This guide covers everything you need to know about the Google Sheets IFERROR function, including its definition, syntax, use cases, and how to use it.
What is the IFERROR Function? How Does It Work?
The IFERROR function in Google Sheets returns the first argument if it is not an error value. Otherwise, it returns the second argument if present or a blank if the second argument is absent.
This function operates as a sort of safety net for your data, which can be incredibly beneficial when dealing with large datasets or complex calculations. It works by assessing the first value in the function; if this value is not an error, then the function will simply return this first value. However, if the first value is an error, the function will return the second value if one is present. In the event that the second argument is absent, the function will return a blank.
The purpose of the IFERROR function is to ensure that your data remains clean and readable, even when errors occur. For instance, if you’re calculating the unit price and the quantity is null, the IFERROR function returns the value “0.” If you’re searching for a student’s grade where the student ID doesn’t exist, the function returns the specified error message.
Essentially, the IFERROR function helps you control the output of your data in the event of an error rather than allowing an error to potentially throw off your entire data set or impede the readability of your results.
It’s important to note that the IFERROR function is logically equivalent to IF(NOT(ISERROR(value)),value,value_if_error). This means that the function first checks if the value is not an error. If true, it returns the value. Otherwise, it returns the value_if_error. It’s crucial to ensure this is the desired behavior before using the function in your data analysis work.
The syntax and arguments for the function are as follows:
Here, the function has two arguments:
- value: This is the value that will be checked for an error. It can be a cell reference, a formula, or a specific value you want to check. This argument is required.
- value_if_error: This is an optional argument. If provided, the function will return this value if the ‘value’ argument is an error. If not provided, and the ‘value’ argument is an error, the function will return a blank.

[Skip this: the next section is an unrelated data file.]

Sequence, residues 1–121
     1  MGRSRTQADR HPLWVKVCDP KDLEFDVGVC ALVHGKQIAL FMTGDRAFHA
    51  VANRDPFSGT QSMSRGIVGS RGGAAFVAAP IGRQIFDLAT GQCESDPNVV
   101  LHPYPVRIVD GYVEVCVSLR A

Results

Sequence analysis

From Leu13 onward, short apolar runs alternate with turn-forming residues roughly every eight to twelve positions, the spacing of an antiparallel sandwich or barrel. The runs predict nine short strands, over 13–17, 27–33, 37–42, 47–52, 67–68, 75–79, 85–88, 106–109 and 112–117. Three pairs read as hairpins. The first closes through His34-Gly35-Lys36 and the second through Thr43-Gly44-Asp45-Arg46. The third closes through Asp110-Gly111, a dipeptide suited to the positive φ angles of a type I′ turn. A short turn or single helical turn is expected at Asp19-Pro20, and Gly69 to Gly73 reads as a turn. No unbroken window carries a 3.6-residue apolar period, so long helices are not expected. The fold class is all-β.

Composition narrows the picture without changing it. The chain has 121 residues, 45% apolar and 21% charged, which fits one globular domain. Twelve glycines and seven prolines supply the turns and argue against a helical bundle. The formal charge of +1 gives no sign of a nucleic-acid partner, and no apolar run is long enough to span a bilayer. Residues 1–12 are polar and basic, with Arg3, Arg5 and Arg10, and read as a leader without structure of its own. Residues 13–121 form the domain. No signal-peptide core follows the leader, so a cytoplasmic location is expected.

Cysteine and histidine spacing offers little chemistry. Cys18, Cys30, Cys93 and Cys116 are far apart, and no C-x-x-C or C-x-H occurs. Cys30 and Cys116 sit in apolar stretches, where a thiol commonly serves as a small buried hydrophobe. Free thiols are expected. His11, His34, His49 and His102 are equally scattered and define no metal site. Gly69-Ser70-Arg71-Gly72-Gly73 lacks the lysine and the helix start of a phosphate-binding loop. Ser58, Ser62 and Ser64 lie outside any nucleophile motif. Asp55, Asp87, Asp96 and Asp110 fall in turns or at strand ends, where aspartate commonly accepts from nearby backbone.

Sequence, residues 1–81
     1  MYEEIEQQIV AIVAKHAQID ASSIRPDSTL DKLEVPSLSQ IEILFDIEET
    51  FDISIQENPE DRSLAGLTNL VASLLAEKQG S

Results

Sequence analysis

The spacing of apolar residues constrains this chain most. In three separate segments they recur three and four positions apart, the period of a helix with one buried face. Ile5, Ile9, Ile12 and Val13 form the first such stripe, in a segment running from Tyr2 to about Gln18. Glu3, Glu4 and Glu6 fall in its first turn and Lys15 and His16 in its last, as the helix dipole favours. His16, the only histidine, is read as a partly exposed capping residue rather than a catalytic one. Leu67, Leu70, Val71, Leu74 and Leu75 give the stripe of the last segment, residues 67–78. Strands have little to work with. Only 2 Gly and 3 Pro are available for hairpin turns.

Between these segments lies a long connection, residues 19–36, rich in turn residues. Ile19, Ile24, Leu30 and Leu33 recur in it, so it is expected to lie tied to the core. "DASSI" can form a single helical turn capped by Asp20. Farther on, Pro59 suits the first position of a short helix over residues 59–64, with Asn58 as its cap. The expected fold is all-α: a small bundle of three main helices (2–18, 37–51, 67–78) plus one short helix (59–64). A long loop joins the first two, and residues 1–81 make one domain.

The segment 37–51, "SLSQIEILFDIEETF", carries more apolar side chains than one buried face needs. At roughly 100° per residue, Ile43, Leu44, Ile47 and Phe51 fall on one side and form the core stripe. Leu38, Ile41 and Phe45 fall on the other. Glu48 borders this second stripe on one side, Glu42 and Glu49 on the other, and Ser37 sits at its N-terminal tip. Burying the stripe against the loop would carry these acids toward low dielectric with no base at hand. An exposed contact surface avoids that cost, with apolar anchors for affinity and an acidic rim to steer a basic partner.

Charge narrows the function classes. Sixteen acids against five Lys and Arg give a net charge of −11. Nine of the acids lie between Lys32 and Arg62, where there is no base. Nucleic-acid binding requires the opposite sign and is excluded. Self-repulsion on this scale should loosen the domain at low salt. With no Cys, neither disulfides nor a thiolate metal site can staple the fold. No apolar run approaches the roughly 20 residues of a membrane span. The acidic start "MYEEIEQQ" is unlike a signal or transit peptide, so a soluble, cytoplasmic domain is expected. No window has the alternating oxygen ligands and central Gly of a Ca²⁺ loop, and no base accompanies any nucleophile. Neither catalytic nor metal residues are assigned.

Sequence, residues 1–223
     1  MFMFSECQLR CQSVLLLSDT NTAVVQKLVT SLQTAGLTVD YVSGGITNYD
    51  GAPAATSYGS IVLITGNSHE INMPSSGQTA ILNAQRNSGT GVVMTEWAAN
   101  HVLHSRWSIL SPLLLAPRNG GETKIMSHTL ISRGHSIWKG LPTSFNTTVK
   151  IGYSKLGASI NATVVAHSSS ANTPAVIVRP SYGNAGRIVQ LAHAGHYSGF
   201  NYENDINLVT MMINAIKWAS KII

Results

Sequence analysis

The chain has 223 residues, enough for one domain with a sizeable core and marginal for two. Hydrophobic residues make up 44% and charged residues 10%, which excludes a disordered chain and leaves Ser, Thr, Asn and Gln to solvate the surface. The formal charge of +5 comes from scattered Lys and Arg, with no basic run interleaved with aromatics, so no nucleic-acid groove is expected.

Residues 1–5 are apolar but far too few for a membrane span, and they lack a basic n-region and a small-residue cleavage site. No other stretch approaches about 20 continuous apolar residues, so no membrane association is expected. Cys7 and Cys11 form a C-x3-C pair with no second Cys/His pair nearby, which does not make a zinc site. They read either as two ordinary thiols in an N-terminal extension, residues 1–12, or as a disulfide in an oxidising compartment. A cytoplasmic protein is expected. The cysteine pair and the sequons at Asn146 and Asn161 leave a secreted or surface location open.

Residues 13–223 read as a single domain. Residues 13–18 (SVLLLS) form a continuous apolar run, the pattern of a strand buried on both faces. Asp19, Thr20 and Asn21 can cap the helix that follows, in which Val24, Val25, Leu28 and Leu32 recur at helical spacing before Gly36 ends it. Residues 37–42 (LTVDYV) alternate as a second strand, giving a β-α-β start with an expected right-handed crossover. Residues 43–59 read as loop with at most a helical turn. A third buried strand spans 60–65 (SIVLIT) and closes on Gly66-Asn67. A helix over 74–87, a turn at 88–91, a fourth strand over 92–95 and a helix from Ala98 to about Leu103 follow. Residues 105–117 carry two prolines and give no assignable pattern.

Usage notes related to the syntax and arguments:
- The IFERROR function is a logical function. It checks whether the ‘value’ argument is an error and returns the ‘value_if_error’ argument if it is. If the ‘value’ argument is not an error, the function simply returns that value.
- The ‘value_if_error’ argument is optional. If it is not provided and the ‘value’ argument is an error, the function will return a blank cell if the first argument results in an error. This could be confusing, as you might not realize an error has occurred.
- The value returned by the function if the ‘value’ argument is an error and the ‘value_if_error’ argument is not provided will be a blank, not a zero. This is because the default ‘value_if_error’ is a blank, not a zero. If you want the function to return a zero in case of an error, you need to specify zero as the ‘value_if_error’ argument.
Examples of How to Use the IFERROR Function
Here are some practical examples of how to use the IFERROR function in Google Sheets.
Example #1: Simple Calculation Error Handling
Let’s say you have a dataset where you need to divide some values, but there are zeros in the denominator, which would normally cause an error. You can use the IFERROR function to handle these errors gracefully. Here’s how:
=IFERROR(A2/B2, “Error in calculation”)
In this example, if the division of the value in cell A2 by the value in cell B2 results in an error (for example, if B2 is zero), the formula will return the text “Error in calculation”.
Example #2: Calculating Averages with IFERROR
You might want to calculate the average of a range of cells, but some might not contain numbers, causing an error. You can use IFERROR to ignore these cells. Here’s how:
=IFERROR(AVERAGE(A2:A10), “Non-numeric values present”)
In this example, if there are any non-numeric values in the range A2:A10, the formula will return “Non-numeric values present” instead of an error.
Example #4: Using IFERROR with ARRAYFORMULA
ARRAYFORMULA allows you to apply a function to an entire range of cells. But if any of these cells cause an error, the whole function will fail. You can use IFERROR to handle these errors. Here’s an example:
=ARRAYFORMULA(IFERROR(A2:A10 / B2:B10, “Error”))
In this example, if any of the divisions of the values in the range A2:A10 by the corresponding values in the range B2:B10 result in an error, the formula will return “Error” for that particular cell.
IFERROR: Common Mistakes & Problems
When using the IFERROR function in Google Sheets, users often encounter several common mistakes and problems. Understanding these can help you better use the function and troubleshoot any issues you may encounter.
- Incorrect order of arguments: The IFERROR function requires two arguments. The first is the expression you want Google Sheets to evaluate, and the second is the value that should be returned if the first argument results in an error. If you switch the order of these arguments, the function will not work correctly.
- Using the wrong type of argument: The first argument in the IFERROR function must be a cell reference or a formula. The function will not work as expected if you use a text string or a number.
- Not providing a second argument: While the second argument in the IFERROR function is optional if you don’t provide it, Google Sheets will return a blank cell if the first argument results in an error. This could be confusing, as you might not realize that an error has occurred.